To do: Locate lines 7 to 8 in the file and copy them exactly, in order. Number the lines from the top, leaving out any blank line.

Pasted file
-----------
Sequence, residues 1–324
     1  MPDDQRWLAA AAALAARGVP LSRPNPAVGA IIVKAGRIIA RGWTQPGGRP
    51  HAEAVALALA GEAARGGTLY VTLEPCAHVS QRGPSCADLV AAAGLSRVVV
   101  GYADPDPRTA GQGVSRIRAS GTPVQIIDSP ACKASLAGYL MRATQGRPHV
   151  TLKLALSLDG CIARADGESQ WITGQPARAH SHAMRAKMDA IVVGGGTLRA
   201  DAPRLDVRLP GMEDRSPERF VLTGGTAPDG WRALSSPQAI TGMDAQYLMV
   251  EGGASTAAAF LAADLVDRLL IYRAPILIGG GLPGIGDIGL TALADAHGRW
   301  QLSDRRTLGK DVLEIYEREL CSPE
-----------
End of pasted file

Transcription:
   251  EGGASTAAAF LAADLVDRLL IYRAPILIGG GLPGIGDIGL TALADAHGRW
   301  QLSDRRTLGK DVLEIYEREL CSPE